From shrinking glaciers to early blooming flowers, heavy rainfall events and severe flooding, the impacts of global climate change have already been making observable effects on both the environment and human lives. Thus, safeguarding human health from climate change impacts is more urgent than ever.
With shifting priorities, half of the countries have already developed a national health and climate change strategy or plan. Worryingly, only about 38% have finances in place to implement their respective national strategy of plan.
Recently, De Tedros Adhanom Ghebreyesus, Director-General of the World Health Organization, while talking about moral imperative, said: “Climate change is not only racking up a bill for future generations to pay, it’s a price that people are paying for now with their health.”
As per the news available on the World Health Organization, about 48% of countries have conducted an assessment of the climate risks to public health. Heat stress, injury or death from extreme weather events were identified as common climate-sensitive health risks. In spite of that, there has been no influence on the allocation of human and financial resources.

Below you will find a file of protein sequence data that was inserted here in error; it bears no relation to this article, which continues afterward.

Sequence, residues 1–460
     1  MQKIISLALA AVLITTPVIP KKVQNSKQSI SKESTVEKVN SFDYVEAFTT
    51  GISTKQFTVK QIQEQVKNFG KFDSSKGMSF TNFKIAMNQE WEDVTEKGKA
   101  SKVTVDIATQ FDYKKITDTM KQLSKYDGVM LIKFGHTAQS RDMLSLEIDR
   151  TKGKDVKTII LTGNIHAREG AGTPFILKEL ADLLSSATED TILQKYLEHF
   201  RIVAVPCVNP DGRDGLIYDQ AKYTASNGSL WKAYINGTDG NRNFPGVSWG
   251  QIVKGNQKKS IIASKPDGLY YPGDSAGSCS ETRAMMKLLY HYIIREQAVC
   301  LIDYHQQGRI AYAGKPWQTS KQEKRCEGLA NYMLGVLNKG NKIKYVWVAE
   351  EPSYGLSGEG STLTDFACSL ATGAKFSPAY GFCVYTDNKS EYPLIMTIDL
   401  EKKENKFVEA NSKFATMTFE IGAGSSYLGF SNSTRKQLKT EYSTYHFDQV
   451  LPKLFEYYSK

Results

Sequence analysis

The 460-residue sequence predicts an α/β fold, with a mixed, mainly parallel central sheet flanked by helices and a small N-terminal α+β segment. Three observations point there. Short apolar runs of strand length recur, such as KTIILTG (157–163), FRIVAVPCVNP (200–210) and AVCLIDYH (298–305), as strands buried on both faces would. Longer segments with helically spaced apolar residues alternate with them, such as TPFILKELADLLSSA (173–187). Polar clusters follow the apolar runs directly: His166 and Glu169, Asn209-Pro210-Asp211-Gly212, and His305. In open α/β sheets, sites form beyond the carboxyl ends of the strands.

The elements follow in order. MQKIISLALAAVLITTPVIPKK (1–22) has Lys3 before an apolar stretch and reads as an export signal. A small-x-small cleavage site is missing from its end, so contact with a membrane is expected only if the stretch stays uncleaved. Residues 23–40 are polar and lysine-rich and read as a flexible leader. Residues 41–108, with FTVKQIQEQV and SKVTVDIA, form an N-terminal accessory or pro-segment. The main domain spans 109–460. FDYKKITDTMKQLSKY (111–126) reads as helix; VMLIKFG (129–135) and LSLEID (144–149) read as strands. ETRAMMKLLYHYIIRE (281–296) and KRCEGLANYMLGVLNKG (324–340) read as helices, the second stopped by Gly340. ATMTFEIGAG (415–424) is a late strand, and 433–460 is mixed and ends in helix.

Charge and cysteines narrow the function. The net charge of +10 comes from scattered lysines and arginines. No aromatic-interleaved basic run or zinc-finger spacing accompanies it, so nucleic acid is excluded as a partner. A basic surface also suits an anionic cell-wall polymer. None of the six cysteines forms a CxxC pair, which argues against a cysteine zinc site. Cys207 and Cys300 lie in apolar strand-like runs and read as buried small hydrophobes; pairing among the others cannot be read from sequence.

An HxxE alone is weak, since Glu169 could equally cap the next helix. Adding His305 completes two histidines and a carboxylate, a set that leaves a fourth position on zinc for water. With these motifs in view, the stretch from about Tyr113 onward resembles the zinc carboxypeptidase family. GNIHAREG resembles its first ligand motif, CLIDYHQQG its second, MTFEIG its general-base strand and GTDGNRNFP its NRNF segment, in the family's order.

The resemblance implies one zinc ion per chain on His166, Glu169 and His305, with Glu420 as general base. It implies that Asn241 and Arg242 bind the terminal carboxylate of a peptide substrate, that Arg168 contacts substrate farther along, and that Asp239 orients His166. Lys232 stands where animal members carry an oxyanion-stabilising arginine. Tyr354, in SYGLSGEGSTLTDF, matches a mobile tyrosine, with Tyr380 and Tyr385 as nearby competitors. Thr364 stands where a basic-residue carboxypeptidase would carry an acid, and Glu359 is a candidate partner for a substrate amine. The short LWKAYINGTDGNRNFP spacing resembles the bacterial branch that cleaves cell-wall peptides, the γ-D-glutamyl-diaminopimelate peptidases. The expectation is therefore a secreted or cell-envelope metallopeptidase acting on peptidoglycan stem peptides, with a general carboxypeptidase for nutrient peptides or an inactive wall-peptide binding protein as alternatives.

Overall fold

Furthermore, over 75% of the countries reported a lack of information on opportunities to access climate finance, whereas over 50% a lack of capacity to prepare proposals.
Even though, two-thirds of current Nationally Determined Contributions (NDCs) to the Paris Agreement mention health, is described as vulnerable to climate change, this has not received any support. Working on reducing carbon emissions would have far more health gains. Additionally, meeting the goals of Paris Agreement could save about a million lives a year worldwide.
The health gains from cutting carbon emissions are rarely reflected in national climate commitments. For the Paris Agreement to be effective, both the public and the private sector must collaborate and work progressively to protect people’s health and environment both.